Last week, we had a close look at the latest State of Nature Report of the European Environment Agency. It concluded that more targeted actions are needed to halt continent-wide biodiversity decline. One major criticism was the absence of effective management strategies and monitoring of Natura 2000 sites. The potential of the Natura 2000 network to protect biodiversity is great, but the lack of management hinders its effective contribution. The EU Biodiversity Strategy’s commitment to effectively manage all protected areas by 2030 offers momentum to rise to this challenge. But what do protected site managers actually have to do to comply with this commitment?
Please also read: State of nature in the EU: more action needed
Shortcomings of Natura 2000 management
Natura 2000 is the largest network of protected areas in the world. It is composed of more than 26,000 sites covering about 17.5% of the EU land territory. In theory, it should be able to counteract the observed biodiversity decline in Europe. However, the management of Natura 2000 network has been completely devolved to single countries. No general, EU‐wide, spatially explicit conservation planning strategy exists. Effective management of sites and transnational collaboration could increase the networks potential. Thus, the EU and its Member States committed to assess the management of 60% of its protected areas by 2015. However, a recent study showed that they only reported on the management effectiveness of less than 8% of Natura 2000 sites.
The barrier for effective management already starts with the national differences in the evaluation of the management of protected sites. For example, in Finland, a national agency conducts a standardized assessment only every 6 to 12 years for each site. France uses site steering committees and Ireland and Slovakia do not even have national assessment approaches.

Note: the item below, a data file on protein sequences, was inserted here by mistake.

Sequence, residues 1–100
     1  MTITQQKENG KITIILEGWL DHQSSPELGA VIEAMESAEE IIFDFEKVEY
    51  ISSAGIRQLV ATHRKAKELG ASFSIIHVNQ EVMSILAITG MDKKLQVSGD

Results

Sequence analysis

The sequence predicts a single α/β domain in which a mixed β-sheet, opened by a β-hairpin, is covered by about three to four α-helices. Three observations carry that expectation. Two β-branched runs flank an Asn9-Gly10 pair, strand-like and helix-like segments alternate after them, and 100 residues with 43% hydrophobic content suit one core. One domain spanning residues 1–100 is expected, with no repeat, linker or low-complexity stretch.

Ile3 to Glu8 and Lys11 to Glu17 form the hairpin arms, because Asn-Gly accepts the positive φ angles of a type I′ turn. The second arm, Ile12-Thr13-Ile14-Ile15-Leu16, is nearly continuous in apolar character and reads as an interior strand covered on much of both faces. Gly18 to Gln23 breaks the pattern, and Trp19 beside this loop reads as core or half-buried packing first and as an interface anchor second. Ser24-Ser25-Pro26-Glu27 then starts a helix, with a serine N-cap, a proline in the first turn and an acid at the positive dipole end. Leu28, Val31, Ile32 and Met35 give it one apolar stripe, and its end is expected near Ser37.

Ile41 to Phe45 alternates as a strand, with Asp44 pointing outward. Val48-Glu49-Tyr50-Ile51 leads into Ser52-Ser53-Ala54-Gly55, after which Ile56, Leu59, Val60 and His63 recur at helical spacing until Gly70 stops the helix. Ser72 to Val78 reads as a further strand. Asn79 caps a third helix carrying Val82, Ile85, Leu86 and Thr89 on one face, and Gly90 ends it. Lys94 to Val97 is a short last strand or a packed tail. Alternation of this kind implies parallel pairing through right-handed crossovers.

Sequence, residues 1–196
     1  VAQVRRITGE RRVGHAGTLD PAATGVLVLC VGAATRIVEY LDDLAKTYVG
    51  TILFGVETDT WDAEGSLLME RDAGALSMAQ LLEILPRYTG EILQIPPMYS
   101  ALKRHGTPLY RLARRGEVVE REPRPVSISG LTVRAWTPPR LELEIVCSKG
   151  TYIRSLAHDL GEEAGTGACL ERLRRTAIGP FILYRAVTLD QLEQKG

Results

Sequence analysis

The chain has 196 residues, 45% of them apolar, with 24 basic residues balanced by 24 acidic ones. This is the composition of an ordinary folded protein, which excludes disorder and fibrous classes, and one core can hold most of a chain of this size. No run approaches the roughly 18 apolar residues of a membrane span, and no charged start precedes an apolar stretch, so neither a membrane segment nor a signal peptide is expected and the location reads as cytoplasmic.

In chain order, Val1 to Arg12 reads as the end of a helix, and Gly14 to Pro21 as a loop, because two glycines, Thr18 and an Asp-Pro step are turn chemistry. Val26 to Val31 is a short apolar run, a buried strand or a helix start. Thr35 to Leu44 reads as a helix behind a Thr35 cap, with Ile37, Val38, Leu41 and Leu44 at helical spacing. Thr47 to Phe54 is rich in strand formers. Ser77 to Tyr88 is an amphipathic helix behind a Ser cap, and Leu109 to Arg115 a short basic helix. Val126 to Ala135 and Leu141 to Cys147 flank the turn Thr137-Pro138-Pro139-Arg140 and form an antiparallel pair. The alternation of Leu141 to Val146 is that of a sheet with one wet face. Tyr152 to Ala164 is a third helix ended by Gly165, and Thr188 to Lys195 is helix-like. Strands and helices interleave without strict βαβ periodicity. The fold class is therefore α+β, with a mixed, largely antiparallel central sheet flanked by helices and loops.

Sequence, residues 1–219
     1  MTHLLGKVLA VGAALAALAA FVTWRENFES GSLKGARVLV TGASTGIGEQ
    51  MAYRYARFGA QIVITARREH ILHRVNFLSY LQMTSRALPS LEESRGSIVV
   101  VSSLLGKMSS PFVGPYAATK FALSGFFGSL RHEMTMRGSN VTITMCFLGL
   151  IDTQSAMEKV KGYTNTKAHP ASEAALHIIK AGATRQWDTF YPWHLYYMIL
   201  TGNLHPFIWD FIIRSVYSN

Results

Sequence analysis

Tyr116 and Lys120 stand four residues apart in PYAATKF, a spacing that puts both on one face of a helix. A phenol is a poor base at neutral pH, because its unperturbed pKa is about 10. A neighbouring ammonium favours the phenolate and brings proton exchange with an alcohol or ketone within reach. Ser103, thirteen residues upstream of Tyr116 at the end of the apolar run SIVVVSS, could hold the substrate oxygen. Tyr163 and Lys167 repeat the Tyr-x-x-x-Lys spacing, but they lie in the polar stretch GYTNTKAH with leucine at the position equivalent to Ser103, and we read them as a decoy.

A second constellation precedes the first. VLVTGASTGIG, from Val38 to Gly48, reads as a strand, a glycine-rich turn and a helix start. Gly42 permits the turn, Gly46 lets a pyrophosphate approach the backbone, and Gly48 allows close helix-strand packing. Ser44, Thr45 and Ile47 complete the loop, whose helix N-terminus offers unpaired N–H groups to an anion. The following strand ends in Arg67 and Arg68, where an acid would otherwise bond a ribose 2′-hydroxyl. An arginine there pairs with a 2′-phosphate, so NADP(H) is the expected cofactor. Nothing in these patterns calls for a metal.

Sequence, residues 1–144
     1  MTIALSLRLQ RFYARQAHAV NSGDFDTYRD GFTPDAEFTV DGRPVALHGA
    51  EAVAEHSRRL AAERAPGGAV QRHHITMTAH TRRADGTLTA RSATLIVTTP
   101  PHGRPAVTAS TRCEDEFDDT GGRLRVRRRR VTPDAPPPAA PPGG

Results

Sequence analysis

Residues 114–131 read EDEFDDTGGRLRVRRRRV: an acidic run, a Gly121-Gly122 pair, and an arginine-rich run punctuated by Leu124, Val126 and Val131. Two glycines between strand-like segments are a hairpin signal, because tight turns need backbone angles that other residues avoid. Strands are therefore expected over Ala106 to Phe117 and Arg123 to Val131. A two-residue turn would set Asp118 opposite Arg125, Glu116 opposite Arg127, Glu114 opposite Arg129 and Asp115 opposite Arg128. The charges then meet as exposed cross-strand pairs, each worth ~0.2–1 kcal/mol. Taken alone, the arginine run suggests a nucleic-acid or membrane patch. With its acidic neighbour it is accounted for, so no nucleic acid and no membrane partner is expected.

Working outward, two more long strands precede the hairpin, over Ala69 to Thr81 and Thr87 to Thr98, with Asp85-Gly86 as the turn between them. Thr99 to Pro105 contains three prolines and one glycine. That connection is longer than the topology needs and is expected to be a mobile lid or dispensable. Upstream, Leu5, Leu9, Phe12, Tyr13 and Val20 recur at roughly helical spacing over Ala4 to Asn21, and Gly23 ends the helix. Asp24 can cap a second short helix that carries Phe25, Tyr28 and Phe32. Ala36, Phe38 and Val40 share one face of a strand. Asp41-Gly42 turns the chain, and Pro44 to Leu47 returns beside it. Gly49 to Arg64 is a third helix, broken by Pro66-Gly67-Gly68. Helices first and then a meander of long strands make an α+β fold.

How can Natura 2000 management improve?
Making progress on the EU’s 2030 commitments will need substantial monitoring and reporting efforts. This is achievable either through an EU-coordinated process or a compilation of national reporting. Additionally, there is an urgent need for specific and measurable conservation objectives and indicators on the management and evaluation process of Natura 2000 sites. Only with a standardized set of conservation measurements, EU-wide collaboration will be possible. Other shortcomings are:
- Gaps in conservation data on the habitats and species the site is designated to protect
- Poor financial planning
- A lack of public participation
The European Environment Agency states that better and more complete implementation and enforcement of the EU Birds and Habitats Directives would most likely substantially improve the management effectiveness of EU protected areas. Also, other clear ways to improve the situation include more targeted capacity building, enhanced guidance, and increasing the use of available EU funding.
The contribution of the European Wilderness Society
The Centralparks project, funded by the EU Interreg program, is an example on how EU funding can be used to address these shortcomings. It aims to improve integrated environmental management capacities of protected areas in the Carpathian region by linking conservation efforts to sustainable local socio-economic development and sustainable use of natural resources.
The European Wilderness Quality Standard and Audit System is an excellent practical tool, which is designed to help Natura 2000 managers to implement the Bird and Habitats Directives. After the audition of a site, we produce, among others, an extensive report that includes site-specific recommendations for needed actions. Also, we develop a monitoring and evaluation plan that includes a free monitoring audit after 5 years of certification. Like this, we ensure that the protected Wilderness has all tools needed for its long-term protection. Further guidelines on how to apply the Wilderness approach to Natura 2000 can be found here.